Carmen Neghina
7 years ago

Study Abroad embraced by EU students to flee recession test

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Students from Europe’s crisis countries are in large numbers looking to study in the more stable EU states. The growth is most dramatic for Italy, Spain, Portugal and Greece with more than 150% growth in interest compared to 2011. The study abroad interest is monitored by StudyPortals – the EU-funded internet platform where students can find and compare all their study options across Europe. Universities in the more stable Northern and Western European countries are confirming the trend: applications from these countries have grown with 33% up to 100% in just one year.

These figures indicate a relation between students’ economic perspectives at home and their intent(ambition) to study – and ultimately work – in better performing economies. The correlation can be observed almost perfectly when comparing the latest youth unemployment rate with the number of students looking for an international study.

StudyPortals: Youth unemployment drives study abroad interest

Furthermore, there is a high overall growth of interest from Europeans to study abroad, propelled by the rapid growth of international study opportunities. The number of English-taught Master’s programmes offered in continental Europe for instance, has grown from around 560 in 2002 to over 5,500 in 2012.

The North-Western countries lead the way and large differences can be observed: the Netherlands are offering 1,104 English taught Bachelors and Masters, followed by Germany with 890 and Sweden with 745. Whereas Italy (327), Portugal (111) and Greece (126) are clearly behind. With 476 programmes, Spain is the only Southern country that seems to be internationalising on a larger scale.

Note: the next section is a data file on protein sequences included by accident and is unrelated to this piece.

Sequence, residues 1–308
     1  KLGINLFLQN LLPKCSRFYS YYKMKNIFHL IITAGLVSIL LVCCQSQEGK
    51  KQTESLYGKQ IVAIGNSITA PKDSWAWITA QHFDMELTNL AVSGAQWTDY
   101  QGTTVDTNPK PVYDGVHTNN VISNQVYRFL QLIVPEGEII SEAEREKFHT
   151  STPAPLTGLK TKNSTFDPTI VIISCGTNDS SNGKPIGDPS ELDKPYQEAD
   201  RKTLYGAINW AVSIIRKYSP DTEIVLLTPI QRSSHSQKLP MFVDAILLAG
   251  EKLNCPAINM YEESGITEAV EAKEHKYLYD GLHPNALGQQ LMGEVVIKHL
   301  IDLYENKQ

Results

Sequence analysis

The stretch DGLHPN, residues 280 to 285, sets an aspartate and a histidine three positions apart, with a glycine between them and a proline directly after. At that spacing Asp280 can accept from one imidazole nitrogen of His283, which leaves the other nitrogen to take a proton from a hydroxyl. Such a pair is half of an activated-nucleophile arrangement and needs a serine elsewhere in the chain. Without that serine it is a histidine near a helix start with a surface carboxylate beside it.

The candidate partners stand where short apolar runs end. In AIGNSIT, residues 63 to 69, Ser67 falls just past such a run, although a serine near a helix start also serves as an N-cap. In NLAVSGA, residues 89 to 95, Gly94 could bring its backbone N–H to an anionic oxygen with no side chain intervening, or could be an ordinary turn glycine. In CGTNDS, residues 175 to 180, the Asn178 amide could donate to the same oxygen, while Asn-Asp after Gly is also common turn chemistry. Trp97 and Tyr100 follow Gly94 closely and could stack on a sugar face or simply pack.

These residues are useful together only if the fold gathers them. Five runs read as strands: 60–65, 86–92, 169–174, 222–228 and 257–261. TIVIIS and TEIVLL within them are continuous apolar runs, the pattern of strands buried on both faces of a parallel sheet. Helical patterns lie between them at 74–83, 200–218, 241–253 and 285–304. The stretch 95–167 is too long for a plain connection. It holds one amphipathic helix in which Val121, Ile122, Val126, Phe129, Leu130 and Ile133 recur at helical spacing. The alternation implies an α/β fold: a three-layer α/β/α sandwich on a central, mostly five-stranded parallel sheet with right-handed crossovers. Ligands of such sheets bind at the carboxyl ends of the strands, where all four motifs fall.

Future will tell if developments in education are good for the crisis countries: they seem to be on the losing end of the international competition for the best students. However if this results in their youth being more internationally skilled and connected, and if a majority of them would at some point return to their fatherland, this might be beneficial for the crisis countries after all.

Diana Rabulea, International Marketing and Recruitment officer at Vrije Universiteit Brussel (VUB) says: “At the VUB, since 2010 we have seen a clear increase in students coming from Greece, Italy, and Spain. Compared to 2011, we received twice more applications from Greece, now accounting for almost 3% of all incoming applications.

Similar trends are noticed in The Netherlands and Germany:

Tina Kock, Team Leader Marketing at Utrecht University, mentions: “Our applications from Greece, Spain and Italy have almost tripled in the last 5 years. In 2011 only, we see an increase of more than 50% for Greece, from Spain 33%”. So does Matthias Kuder of the Center for International Cooperation at Freie Universität Berlin, one of Germany’s elite institutions: “In general, interest in our study programs has risen considerably in the past years. The numbers are particularly striking for students from Italy, Spain, Greece and Portugal, where we observe an enrolment hike of roughly 30% since 2010.”

Data sources

 

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